Motivational Interviewing is a method that works on engaging a client’s basic motivations in order to change behavior. This is a goal-oriented, client-centered counseling style for eliciting behavior change by helping clients to explore and resolve ambivalence (Miller & Rollnick, 2002).
To better understand this therapy, I will describe how Motivational Interviewing was used to treat one of my clients Dave Jenkins. At just over 6’ tall with a shaved head, Leather Harley Davidson jacket, combat boots and tattoos covering all of his exposed skin, Dave was your stereotypical intimidating “biker”.
Dave was referred to my office for a court ordered substance abuse evaluation so he could satisfy the terms of his probation. He was visibly anxious, arms crosses, and one leg relentlessly bouncing up and down as if signaling his impatience. He wore his dark sunglasses even though we were indoors. As we began talking, I struggled to get more than guarded one word answers. I asked him if he wore sunglasses indoors because the lights were too bright. “I never take them off in front of people.” He said this in a tone that almost dared me to ask him to remove them.
During the evaluation it became clear that he had a severe substance use problem. Over the past 30 years his addiction had escalated to the point that he was incapable of regulating his mood and after further evaluation he was diagnosis with schizophrenia. According to Dave, he had everything under control and didn’t need treatment. He was comfortable self-medicating, using drugs and alcohol to stabilize his mood and keep him functioning each day. I could see that fighting him on this world view was futile. Instead, I decided use Motivational Interviewing, a therapy which has been shown to be very effective with resistant clients.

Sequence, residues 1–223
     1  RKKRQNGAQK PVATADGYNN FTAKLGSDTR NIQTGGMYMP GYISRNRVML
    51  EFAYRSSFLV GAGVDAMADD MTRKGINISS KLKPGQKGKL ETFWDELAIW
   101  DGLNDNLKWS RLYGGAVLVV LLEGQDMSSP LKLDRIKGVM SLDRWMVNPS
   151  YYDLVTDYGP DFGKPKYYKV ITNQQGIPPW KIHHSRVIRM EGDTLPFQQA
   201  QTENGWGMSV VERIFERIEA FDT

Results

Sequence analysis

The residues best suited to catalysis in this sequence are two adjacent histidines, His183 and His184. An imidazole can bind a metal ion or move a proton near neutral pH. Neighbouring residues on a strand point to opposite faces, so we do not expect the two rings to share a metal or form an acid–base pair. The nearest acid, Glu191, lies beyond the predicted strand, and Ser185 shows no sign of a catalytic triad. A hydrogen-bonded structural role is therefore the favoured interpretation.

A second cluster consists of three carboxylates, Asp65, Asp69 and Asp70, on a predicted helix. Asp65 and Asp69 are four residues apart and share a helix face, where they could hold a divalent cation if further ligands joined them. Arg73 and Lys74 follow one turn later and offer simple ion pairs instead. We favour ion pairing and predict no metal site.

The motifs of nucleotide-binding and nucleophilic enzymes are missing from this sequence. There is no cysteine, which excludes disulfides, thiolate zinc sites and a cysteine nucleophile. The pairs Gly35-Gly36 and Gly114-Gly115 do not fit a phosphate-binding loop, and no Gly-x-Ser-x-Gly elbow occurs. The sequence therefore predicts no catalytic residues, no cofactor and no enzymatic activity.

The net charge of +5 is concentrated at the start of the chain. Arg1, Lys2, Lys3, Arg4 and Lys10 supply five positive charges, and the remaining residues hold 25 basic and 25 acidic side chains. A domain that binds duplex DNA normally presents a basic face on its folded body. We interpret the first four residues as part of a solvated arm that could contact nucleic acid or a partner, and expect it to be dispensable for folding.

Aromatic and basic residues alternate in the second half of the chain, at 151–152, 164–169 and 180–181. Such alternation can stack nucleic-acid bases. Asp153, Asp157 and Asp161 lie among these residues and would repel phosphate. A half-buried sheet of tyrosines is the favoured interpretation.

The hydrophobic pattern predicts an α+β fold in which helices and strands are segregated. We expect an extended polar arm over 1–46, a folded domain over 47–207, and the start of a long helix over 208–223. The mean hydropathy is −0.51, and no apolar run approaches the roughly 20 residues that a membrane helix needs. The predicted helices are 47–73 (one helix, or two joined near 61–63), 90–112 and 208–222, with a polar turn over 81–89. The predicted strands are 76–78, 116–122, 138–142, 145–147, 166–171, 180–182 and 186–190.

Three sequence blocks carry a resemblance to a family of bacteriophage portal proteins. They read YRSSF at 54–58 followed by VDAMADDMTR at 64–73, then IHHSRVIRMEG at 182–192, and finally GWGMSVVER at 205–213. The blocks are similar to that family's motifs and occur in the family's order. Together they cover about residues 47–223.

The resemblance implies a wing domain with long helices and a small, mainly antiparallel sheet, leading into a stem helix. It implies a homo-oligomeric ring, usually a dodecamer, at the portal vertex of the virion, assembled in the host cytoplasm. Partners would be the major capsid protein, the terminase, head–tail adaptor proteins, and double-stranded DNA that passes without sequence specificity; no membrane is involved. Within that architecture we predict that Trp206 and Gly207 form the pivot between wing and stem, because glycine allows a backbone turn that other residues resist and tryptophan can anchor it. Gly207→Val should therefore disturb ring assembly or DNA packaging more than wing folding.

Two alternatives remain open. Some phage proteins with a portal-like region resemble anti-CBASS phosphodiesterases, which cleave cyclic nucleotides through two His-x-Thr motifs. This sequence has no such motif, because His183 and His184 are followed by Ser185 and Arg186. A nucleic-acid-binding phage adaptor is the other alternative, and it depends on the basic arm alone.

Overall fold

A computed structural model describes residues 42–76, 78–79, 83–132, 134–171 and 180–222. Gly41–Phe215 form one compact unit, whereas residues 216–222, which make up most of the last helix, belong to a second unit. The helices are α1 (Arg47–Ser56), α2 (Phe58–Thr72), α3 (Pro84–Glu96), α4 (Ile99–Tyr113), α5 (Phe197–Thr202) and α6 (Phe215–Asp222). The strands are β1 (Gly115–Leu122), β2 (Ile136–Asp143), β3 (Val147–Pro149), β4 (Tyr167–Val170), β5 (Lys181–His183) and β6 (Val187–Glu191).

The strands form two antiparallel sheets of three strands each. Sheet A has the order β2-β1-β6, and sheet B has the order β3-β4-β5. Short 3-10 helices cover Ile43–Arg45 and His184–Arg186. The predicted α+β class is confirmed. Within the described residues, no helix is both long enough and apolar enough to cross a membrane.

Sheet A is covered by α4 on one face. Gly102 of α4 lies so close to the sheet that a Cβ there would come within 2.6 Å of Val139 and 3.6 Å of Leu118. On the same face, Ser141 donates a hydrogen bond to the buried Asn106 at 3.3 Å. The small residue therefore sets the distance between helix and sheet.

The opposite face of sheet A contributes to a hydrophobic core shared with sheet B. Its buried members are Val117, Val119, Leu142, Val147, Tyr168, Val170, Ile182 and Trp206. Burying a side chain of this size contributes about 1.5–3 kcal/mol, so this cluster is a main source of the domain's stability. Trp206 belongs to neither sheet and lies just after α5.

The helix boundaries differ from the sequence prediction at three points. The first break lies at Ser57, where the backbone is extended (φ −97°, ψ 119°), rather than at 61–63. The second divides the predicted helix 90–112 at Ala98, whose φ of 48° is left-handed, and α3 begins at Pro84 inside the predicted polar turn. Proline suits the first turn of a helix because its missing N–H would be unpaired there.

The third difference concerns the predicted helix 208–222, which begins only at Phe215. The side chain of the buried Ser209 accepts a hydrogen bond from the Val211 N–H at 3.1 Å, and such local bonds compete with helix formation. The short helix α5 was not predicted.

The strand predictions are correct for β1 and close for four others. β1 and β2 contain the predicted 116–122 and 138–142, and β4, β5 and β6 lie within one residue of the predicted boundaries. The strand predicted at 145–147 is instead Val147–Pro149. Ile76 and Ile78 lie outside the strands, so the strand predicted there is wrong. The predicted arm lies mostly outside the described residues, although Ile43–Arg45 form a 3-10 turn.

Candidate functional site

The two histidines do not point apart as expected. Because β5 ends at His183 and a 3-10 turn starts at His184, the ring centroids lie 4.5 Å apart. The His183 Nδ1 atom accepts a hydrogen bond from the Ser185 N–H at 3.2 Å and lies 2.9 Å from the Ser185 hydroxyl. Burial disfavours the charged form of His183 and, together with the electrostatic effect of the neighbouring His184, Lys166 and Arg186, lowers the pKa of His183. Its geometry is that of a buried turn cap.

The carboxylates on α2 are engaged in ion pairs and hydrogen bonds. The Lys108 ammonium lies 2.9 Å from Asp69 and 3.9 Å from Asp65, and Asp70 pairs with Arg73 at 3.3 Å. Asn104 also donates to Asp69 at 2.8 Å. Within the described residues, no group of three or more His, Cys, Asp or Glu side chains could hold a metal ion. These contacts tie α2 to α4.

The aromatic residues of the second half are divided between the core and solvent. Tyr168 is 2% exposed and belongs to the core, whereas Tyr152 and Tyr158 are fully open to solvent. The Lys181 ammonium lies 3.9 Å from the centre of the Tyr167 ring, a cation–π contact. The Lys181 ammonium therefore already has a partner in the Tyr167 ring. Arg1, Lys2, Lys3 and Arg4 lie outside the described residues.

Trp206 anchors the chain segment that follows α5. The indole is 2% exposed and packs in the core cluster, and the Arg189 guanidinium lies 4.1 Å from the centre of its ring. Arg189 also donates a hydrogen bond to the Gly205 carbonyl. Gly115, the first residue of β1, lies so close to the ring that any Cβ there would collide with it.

Motivational Interviewing is particularly effective with resistant clients because the motivation for change comes from the client and not the therapist. The therapist helps the client see how their self-defeating behaviors are limiting their ability to achieve what they most desire.
After the evaluation I contacted his probation officer. Thankfully, he was very open minded and flexible, which allowed us to come up with a plan that provided Dave with a lot of support while addressing his co-occurring mental health and substance use issues at the same time. Dave would still have to complete random drug tests with his probation officer, but the plan allowed him to extend his treatment without being sent back to jail.